in helping those that are 50+ maintain their independence and enhance their
quality of life using strength training and functional movement exercises.

As we age, it is
normal to lose bone mass and some muscle strength.  These two factors can contribute to falls and
potentially serious injury requiring hospitalization.  About one third of the senior population over
the age of 65 falls each year, but since many incidents go unreported by
seniors, and unrecognized by family members or caregivers – this estimate is
most likely quite low.

While many falls
do not result in injuries, 47% of non-injured seniors who fall cannot get up without
assistance.  For seniors who fall and are
unable to get up on their own, the period of time spent immobile often affects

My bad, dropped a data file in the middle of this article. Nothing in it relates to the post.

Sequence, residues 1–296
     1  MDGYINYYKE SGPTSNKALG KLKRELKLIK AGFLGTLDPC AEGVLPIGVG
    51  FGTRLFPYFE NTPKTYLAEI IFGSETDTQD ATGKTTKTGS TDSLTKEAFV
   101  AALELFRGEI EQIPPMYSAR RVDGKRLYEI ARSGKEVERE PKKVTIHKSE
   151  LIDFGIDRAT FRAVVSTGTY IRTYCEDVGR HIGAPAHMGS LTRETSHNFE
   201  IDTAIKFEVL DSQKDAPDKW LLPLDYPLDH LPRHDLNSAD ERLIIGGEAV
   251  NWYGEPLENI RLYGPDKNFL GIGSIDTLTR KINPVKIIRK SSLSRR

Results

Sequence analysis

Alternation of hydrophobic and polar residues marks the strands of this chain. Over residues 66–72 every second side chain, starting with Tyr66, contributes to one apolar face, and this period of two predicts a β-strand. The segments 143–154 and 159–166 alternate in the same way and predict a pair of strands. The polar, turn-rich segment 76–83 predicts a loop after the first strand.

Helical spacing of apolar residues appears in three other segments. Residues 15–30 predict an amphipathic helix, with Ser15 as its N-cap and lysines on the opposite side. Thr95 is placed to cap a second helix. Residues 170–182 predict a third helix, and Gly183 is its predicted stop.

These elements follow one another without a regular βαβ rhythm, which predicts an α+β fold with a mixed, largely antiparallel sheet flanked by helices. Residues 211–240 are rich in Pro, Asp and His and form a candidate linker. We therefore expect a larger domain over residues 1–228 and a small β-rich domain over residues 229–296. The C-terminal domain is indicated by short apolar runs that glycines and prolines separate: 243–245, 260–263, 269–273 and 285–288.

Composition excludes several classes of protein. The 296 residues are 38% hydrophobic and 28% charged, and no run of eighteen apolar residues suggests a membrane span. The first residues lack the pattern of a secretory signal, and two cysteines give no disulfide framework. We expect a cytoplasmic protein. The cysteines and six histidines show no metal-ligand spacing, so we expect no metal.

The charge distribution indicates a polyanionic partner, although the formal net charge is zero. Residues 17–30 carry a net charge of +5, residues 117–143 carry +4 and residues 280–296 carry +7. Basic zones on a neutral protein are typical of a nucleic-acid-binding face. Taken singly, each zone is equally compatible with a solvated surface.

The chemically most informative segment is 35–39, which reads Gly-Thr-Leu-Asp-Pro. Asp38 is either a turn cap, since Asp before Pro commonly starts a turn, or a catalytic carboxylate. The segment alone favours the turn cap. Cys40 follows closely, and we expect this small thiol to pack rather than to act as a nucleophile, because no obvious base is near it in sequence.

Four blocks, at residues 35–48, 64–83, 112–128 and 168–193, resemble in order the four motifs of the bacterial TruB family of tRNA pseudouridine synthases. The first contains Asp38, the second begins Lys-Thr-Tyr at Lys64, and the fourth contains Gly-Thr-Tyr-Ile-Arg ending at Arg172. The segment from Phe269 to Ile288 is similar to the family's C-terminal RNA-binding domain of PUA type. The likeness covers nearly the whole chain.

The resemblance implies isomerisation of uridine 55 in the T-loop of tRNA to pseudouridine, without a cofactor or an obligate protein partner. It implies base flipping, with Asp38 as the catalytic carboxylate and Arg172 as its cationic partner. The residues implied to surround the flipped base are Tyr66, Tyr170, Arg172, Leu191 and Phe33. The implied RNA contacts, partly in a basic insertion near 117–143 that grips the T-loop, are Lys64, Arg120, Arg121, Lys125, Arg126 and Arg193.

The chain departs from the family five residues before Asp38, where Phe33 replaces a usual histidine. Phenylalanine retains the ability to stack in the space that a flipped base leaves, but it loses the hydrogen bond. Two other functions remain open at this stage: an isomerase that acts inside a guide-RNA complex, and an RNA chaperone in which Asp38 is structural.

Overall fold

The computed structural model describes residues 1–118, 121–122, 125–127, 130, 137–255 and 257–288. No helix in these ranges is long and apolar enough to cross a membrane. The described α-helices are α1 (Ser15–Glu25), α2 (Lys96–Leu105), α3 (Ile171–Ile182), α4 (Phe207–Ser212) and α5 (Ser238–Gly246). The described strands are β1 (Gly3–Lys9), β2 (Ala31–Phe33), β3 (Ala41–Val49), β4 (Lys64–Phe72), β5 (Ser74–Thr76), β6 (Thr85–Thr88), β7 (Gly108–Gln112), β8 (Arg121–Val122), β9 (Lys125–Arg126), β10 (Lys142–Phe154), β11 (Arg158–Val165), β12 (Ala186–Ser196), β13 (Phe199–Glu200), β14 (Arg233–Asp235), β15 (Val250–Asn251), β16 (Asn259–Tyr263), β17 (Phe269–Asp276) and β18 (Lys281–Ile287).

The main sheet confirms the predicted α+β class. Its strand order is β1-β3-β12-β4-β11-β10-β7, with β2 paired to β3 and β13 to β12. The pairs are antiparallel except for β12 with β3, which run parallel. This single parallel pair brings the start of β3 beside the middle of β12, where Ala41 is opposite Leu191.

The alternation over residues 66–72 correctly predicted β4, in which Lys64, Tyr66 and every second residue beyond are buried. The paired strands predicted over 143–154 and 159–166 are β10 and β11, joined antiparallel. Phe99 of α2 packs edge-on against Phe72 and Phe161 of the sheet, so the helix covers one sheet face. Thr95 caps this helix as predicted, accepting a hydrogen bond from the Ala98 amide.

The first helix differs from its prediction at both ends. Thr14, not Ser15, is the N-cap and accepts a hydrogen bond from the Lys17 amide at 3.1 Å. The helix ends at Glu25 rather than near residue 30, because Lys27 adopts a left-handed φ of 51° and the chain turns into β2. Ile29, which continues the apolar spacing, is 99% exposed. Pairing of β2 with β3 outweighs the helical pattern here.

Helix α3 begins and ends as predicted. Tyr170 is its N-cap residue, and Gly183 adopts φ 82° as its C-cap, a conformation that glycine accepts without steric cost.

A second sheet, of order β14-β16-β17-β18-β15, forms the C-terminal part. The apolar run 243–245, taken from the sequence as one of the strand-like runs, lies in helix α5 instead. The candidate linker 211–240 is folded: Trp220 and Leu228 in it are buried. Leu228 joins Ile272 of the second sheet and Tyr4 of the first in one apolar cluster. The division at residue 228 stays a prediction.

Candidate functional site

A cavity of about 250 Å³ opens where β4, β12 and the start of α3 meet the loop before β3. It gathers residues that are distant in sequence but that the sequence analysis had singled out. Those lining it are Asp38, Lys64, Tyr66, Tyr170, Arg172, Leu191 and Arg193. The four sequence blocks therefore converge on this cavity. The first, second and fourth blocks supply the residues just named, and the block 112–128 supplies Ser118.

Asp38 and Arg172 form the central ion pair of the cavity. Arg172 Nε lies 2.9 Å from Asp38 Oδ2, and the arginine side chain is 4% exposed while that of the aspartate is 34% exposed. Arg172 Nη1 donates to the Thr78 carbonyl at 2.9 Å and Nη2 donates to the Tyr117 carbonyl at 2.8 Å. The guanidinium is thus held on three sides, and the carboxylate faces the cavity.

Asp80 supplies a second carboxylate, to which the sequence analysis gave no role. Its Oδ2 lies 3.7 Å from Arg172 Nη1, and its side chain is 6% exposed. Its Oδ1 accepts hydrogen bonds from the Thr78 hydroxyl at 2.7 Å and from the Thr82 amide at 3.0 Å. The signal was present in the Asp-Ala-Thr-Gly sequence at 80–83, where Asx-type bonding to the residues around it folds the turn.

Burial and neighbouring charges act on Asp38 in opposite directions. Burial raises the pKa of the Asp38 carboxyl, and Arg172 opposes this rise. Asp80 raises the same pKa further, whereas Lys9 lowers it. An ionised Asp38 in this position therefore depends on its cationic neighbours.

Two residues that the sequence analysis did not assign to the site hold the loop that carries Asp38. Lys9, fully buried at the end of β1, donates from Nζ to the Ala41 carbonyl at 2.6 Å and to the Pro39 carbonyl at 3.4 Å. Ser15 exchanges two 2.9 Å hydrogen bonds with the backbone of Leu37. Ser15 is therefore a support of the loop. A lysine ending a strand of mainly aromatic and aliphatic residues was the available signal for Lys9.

their health outcomes.  Muscle cell
breakdown starts to occur within 30-60 minutes of compression due to
falling.  Dehydration, pressure sores,
hypothermia, and pneumonia are other complications that may result.

Falls with or without
injury, also carry a heavy quality of life impact.  A growing number of older adults fear falling
and as a result, limit their activities and social engagements.  This can result in further physical decline,
depression, social isolation, and feelings of helplessness.  The most profound effect of falling is the
loss of independent living.

We’ve all heard
the saying, “use it or lose it.” 
Luckily, our bodies have the amazing ability to regain a majority of our
previous fitness level, thanks to muscle memory.  By practicing functional balance and
flexibility exercises, the body and mind are strengthened.  Day to day activities rely on our body and
mind to communicate and work as a team.

When faced with a
loss of balance, someone who has maintained a level of functional strength and
mobility, experiences a more intuitive response.  The body and mind work together in correcting